This is all great for schools who have counsellors in place, which is common in Edinburgh and Glasgow. However, the first hurdle, I had to get over when working outwith schools and working in Fife was children not being used to having counsellors around or knowing any peers who had a counsellor. They only knew what they saw in films and had a real fear of coming and thinking there must be something really wrong with them. Each time, it took several sessions to overcome this stigma, in comparison with children actively seeking counsellors out at schools and smiles with greetings as I would walk down the corridor. Immediately, I wanted to open a service outwith the cities, central to other Scottish locations where I could make a difference in mental health. This would help the little people who would become big people who would maybe have their own little people, able to handle their own emotions, take care of their well-being and know it’s okay not to feel okay. There is accessible help out there that isn’t cognitive behavioural therapy, takes all of you and your needs into account, works on your level and isn’t time limited, working at your pace.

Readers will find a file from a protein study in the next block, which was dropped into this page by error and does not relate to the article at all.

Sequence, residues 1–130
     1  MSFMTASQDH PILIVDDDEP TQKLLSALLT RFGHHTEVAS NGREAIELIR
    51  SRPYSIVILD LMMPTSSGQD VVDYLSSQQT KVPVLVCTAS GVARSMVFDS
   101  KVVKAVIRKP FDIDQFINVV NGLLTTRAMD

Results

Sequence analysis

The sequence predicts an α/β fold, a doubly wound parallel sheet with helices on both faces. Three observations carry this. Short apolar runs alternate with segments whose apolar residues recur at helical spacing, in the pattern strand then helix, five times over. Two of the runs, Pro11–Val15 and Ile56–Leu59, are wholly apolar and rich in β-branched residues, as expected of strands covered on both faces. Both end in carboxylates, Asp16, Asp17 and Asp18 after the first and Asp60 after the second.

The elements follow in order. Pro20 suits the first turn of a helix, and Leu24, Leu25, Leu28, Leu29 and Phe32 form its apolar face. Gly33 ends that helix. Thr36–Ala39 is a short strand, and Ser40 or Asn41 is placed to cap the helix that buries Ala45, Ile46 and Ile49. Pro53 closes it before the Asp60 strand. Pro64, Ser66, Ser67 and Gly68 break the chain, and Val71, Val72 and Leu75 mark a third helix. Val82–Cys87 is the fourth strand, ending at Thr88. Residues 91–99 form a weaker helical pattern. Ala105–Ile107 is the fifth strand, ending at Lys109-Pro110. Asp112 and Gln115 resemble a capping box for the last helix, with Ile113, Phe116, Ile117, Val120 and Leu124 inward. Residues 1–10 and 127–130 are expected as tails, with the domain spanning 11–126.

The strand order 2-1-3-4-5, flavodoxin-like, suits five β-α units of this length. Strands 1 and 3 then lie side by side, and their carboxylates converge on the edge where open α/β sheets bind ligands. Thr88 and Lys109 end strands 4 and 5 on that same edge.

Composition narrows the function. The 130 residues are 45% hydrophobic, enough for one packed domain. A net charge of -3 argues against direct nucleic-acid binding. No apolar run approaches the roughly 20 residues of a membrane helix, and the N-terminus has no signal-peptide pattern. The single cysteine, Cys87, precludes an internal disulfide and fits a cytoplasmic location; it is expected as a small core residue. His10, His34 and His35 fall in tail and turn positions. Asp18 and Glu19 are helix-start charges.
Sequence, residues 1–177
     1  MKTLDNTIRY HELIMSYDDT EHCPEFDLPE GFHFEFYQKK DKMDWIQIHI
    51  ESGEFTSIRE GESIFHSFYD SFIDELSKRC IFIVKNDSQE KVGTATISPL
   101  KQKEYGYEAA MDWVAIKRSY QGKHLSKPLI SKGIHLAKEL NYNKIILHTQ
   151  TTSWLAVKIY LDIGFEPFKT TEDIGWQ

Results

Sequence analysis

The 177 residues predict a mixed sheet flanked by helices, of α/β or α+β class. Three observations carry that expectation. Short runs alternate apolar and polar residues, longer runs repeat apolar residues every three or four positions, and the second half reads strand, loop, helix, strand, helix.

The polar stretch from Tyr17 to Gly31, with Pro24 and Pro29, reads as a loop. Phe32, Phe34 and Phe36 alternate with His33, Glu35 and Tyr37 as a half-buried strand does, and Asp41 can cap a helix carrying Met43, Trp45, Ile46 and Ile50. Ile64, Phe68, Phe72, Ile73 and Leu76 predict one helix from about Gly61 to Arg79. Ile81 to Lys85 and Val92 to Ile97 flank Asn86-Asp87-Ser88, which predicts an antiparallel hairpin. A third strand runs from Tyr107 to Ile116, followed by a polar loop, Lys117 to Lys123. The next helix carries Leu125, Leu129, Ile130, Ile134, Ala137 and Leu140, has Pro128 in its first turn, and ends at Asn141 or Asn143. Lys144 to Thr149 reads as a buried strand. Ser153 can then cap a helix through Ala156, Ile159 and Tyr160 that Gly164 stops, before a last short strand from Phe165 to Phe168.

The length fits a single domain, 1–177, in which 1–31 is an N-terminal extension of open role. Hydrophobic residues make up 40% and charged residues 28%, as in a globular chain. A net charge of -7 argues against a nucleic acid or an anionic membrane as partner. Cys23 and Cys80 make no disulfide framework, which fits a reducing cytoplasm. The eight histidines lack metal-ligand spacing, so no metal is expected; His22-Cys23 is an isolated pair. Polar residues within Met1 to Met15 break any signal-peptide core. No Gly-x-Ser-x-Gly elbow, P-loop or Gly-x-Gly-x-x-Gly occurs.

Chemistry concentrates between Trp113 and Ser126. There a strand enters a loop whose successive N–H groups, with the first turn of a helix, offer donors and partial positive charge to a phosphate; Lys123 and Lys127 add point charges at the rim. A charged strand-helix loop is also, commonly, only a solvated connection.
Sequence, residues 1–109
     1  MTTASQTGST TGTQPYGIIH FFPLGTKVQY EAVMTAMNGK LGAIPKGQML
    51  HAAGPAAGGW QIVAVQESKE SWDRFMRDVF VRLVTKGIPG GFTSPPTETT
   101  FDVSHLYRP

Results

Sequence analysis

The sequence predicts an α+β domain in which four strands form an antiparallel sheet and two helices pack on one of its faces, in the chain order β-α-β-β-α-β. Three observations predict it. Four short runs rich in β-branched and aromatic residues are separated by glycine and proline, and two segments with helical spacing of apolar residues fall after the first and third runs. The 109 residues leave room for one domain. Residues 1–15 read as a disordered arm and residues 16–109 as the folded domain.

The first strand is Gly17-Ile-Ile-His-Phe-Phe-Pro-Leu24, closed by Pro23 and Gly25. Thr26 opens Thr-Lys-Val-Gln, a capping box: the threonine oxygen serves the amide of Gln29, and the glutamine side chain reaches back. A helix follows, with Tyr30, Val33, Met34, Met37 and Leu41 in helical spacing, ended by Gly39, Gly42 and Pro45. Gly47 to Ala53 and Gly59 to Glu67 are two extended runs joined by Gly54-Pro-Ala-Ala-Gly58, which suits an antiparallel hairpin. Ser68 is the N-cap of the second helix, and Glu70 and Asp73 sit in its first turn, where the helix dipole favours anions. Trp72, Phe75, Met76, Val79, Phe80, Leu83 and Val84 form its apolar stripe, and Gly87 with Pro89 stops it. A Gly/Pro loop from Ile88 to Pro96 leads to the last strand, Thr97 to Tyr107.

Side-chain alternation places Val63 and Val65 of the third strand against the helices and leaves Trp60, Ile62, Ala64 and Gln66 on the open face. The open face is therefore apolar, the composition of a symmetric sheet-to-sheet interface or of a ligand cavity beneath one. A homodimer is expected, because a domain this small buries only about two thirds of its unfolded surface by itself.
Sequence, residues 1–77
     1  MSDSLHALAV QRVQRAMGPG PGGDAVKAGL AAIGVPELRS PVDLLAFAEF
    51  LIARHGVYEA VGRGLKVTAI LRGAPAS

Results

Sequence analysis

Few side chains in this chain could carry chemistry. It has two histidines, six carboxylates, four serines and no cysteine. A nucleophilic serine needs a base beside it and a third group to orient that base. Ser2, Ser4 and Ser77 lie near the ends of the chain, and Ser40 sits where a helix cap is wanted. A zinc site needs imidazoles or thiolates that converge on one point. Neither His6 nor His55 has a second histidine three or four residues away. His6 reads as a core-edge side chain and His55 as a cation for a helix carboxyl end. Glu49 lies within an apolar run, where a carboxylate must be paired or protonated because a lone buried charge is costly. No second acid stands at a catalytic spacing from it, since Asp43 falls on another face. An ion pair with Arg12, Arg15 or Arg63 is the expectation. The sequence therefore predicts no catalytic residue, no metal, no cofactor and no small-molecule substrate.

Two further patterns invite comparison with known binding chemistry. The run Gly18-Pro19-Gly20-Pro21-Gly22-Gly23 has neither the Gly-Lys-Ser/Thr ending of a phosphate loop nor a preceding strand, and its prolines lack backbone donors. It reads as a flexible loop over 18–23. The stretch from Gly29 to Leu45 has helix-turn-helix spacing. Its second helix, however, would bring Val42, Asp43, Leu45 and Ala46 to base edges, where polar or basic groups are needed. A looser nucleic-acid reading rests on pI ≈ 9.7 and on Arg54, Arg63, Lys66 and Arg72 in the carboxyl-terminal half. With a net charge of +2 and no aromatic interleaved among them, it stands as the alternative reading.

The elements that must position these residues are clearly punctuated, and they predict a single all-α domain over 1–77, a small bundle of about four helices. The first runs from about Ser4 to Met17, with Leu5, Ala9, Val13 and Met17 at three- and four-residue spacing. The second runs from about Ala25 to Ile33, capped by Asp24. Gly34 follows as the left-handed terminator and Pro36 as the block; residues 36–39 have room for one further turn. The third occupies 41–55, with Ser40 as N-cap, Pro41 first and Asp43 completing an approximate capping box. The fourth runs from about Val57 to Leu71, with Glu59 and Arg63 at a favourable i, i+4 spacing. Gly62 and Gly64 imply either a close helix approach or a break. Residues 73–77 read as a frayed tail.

I have a testimony from a 10-year-old girl in Fife.I asked her, if she wanted to think about how she felt first and she told me with mighty determination ‘No, I know how I feel when I come here’ She told me she wasn’t writing during her session though because this was her time – Quite right too. She gave me permission to use this as she wanted to help other children help other children;

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It’s quite difficult to read as the original is with another agency at the moment so can’t scan it although it reads;

“What I feel in my Sessions

Mixed emosions but Kerry always helps and when you get to know Kerry she doesn’t really feel like a councelor she feels like a friend and it’s a good environment to let it all go and get help and I don’t really like to cry but I feel it’s okay a little to cry here and Kerry’s nice and lets your know it’s your room and do what you like cry, laugh be made and a hole load of other things, so don’t be afraid to spill the beans”

This child came to me with lots of loss in her life and didn’t know how to cope. She started with her head down, scared to speak to coming away from her sessions smiley with her head up high. Telling me she knows how she feels and what she wants to do next and that’s all that matters, despite what others think of her. Seeing children outwith school means they get the support they need whilst not missing out academically or from school activities, avoiding the feeling of punishment.